“The LORD is in His holy temple; The LORD’s throne is in heaven.” Psalm 11:4

“The LORD has established His throne in heaven, and His kingdom rules over all.” Psalm 103:19

Thus, Jesus’ ascension into heaven to sit at the Father’s right hand meant that he was now ruling from God’s very own throne as the sovereign Lord of all!

This indicates that the disciples were worshiping Jesus in recognition of the fact that their risen Lord had entered heaven in order to begin his reign as the exalted King of creation.

This isn’t the only time where Jesus spoke of his heavenly enthronement:

“When daylight came, the elders of the people, both the chief priests and the scribes, convened and brought Him before their Sanhedrin. They said, ‘If You are the Messiah, tell us.’ But2 He said to them, ‘If I do tell you, you will not believe. And if I ask you, you will not answer. But from now on, the Son of Man will be seated at the right hand of the Power of God.’ They all asked him, ‘Are You, then, the Son of God?’ And He said to them, ‘You say that I am.’ ‘Why do we need any more testimony,’ they said, ‘since we’ve heard it ourselves from His mouth?’ Then their whole assembly rose up and brought Him before Pilate. They began to accuse Him, saying, ‘We found this man subverting our nation, opposing payment of taxes to Caesar, and saying that He Himself is the Messiah, a King.’” Luke 22:66-71; 23:1-3 – cf. Mark 14:60-64; Matthew 26:62-66

John’s Gospel tells us that the Sanhedrin wanted to have Christ killed because he claimed to be the Son of God:

“Then Jesus came out wearing a crown of thorns and the purple robe. Pilate said to them, ‘Here is the man!’ When the chief priests and the temple police saw Him, they shouted, ‘Crucify! Crucify!’ Pilate responded, ‘Take Him and crucify Him yourselves, for I find no grounds for charging Him.’ ‘We have a law,’ the Jews replied to him, ‘and according to that law He must die, because He made Himself the Son of God.’ When Pilate heard this statement, he was more afraid than ever.” John 19:6-8

Mark’s Gospel reveals that the reason they wanted him dead is because they viewed this to be a blasphemous assertion:

“Then the high priest stood up before them all and questioned Jesus, ‘Don’t You have an answer to what these men are testifying against You?’ But He kept silent and did not answer anything. Again the high priest questioned Him, ‘Are You the Messiah, the Son of the Blessed One?’ ‘I am,’ said Jesus, ‘and all of you will see the Son of Man seated at the right hand of the Power and coming with the clouds of heaven.’ Then the high priest tore his robes and said, ‘Why do we still need witnesses? You have heard the blasphemy! What is your decision?’ And they all condemned Him to be deserving of death.” Mark 14:60-64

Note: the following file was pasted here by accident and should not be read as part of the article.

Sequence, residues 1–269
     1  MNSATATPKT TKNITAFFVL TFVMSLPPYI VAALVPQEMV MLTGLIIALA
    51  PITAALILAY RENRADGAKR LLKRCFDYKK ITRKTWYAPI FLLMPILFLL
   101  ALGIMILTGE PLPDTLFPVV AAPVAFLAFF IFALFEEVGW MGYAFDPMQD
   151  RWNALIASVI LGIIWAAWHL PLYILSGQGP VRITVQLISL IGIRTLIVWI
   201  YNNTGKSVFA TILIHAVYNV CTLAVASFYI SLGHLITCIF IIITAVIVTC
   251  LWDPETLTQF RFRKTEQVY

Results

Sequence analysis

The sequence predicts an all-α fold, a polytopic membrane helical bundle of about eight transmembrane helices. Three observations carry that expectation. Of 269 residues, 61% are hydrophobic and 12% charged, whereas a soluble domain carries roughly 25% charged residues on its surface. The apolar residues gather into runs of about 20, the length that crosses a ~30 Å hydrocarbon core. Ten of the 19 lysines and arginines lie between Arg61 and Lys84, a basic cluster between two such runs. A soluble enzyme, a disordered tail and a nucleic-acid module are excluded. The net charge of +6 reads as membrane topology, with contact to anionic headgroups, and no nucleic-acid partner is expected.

When we see who exactly Jesus was making himself out to be we can better understand why the Jewish authorities thought this. By referring to himself as the Son of Man who comes on the clouds of heaven, Christ was identifying himself as the divine figure that the prophet Daniel saw:

“I continued watching in the night visions, and I saw One like a Son of Man coming with the clouds of heaven. He approached the Ancient of Days and was escorted before Him. He was given authority to rule, and glory, and a kingdom; so that those of every people, nation, and language should worship Him. His dominion is an everlasting dominion that will not pass away, and His kingdom is one that will not be destroyed.” Daniel 7:13-14

This particular Son of Man is depicted as ruling over the nations forever and receiving the same worship which Daniel says that God Most High shall be given:

“And the kingdom and the dominion and the greatness of the kingdoms under the whole heaven shall be given to the people of the saints of the Most High; his kingdom shall be an everlasting kingdom, and all dominions shall serve and obey him.” Daniel 7:27 – cf. 3:12, 17-18, 28; 6:16, 20, 26

Hence, by making himself out to be the Son of Man of Daniel Jesus was basically claiming to be the divine King whom all the nations must serve and worship forever. And since the Sanhedrin didn’t believe him they naturally viewed such assertions to be blasphemous.

Christ further received worship as God’s unique Son and the divine I AM who is sovereign over the winds and seas:

“Then He made the disciples get into the boat and go before Him to the other side, while He dismissed the crowds. And after He had dismissed the crowds, He went up on the mountain by Himself to pray. When evening came, He was there alone, but the boat by this time was many furlongs distant from the land, beaten by the waves; for the wind was against them. And in the fourth watch of the night He came to them, walking on the sea. But when the disciples saw Him walking on the sea, they were terrified, saying, ‘It is a ghost!’ And they cried out for fear. But immediately He spoke to them, saying, ‘Take heart, I AM (ego eimi); have no fear.’ And Peter answered Him, ‘Lord, if it is you, bid me come to you on the water.’ He said, ‘Come.’ So Peter got out of the boat and walked on the water and came to Jesus; but when he saw the wind, he was afraid, and beginning to sink he cried out, ‘Lord, save me.’ Jesus immediately reached out His hand and caught him, saying to him, ‘O man of little faith, why did you doubt?’ And when they got into the boat, the wind ceased. And those in the boat WORSHIPED HIM, saying, ‘Truly you are the Son of God.’” Matthew 14:22-33